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  3. I'm a big Cain fan and admire Hammett's stuff immensely. I've never heard of Woolrich/Irish/Hopley. What a great discovery. I'm in your debt. Now this is the stuff that book blogs are made of!

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  4. Wow. I was trying to find some info on the original book and stumbled on your post about the film--very nice write up.

    FYI: The Ricky Lake film version was called Mrs. Winterbourne and it has a very light feel with a highly modified ending--it's unambiguous and happy--and the sense of paranoia is absent, replaced with a more simple and less compelling fear that gets played for laughs by the timing of "scares". Not much resemblance to Woolrich once all is said and done. I'm sad I've never see either No Man of Her Own or read the original novella to see how much those differed from the novel.

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  5. Thanks for the info on that Ricky Lake film, Kat. I haven't seen it and it doesn't much appeal to me from what you say about it.

    I'm trying to find a copy of the novella myself, BTW. I've never read it, only comments about it and how it was adapted into the novel version.

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  6. I have had the priviledge of seeing No Man Of Her Own - a wonderful movie in my opinion. It has just the right amount of drama and suspense. Will her secret be revealed? Will she confess? I thought it was great. I haven't seen the movie in a while and was serious thinking of asking Turner Classic Movies to play it. I have, unfortunately, seen Mrs. Winterbourne - gag! This movie was not meant to be a comedy and it ruins the plight Helen finds herself in by making light of it. In NMOHO I was really pulling for Helen and hoping things would work out. In Mrs. Winterbourne I couldn't care less. Not a great film, not even a good one. Now that I found out information about the book, I really want to see if I can find it.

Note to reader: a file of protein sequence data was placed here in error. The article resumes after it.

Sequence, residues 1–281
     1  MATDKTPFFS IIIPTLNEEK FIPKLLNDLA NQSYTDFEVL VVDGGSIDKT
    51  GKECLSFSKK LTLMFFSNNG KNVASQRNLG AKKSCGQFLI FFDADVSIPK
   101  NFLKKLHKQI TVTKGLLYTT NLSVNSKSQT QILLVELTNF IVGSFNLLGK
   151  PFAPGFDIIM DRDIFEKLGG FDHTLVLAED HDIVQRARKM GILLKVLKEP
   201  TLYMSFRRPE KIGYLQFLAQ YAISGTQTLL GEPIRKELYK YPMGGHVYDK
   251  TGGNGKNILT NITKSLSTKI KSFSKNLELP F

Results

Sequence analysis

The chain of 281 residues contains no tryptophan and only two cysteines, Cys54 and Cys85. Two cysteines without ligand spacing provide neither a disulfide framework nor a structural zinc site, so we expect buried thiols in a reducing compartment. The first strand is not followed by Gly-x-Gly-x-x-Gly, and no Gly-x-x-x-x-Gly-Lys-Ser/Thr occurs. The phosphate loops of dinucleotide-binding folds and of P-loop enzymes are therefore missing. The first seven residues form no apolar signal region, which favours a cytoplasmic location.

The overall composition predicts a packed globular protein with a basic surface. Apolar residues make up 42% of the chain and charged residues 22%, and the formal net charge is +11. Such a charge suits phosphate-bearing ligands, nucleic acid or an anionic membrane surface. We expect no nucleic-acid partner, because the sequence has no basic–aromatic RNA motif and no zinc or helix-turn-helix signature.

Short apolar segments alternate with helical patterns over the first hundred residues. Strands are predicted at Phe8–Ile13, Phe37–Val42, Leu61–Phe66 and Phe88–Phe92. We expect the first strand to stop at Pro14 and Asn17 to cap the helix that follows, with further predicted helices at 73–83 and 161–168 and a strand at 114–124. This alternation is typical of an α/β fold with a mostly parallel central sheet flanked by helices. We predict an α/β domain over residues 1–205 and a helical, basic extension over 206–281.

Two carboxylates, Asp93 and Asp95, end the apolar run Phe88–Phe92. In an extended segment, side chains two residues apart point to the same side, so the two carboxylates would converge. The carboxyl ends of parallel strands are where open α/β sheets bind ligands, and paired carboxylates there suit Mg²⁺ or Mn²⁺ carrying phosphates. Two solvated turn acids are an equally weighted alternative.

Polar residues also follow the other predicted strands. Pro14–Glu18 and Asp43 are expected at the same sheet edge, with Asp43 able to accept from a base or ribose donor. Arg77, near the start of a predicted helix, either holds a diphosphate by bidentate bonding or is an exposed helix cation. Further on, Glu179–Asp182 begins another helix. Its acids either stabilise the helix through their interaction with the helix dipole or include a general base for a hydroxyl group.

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  7. Vera, I hope that you find a copy and that you enjoy it as much as I did. Be sure to let me know what you think about it if you get your hands on a copy.

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  8. Hi! I just found this article when looking up the kitsch-y cover for a pulpy William Irish version. I'm thrilled I found this review. I thought "I Married A Dead Man" was a recently created novelty item idea. Hooray! It has history! Thank-you for enlightening me. =^.^=

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  9. Thanks, Agent M. It's really hard to believe that the story is 60 years old because it holds up so well. I really like it.

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  10. The Movie "Mrs.Winterbourne" starring Ricky Lake is a great romantic comedy. If you Don't compare it to the book, you will love the movie!

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  11. When I first saw "Mrs. Winterbourne", I immediately knew it was the same story as "No Man of Her Own". Glad to know there is a original story to read!

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  12. I still haven't seen "Mrs. Winterbourne," Murrah. Maybe I'll catch up one of these days...doubtful as that thought is.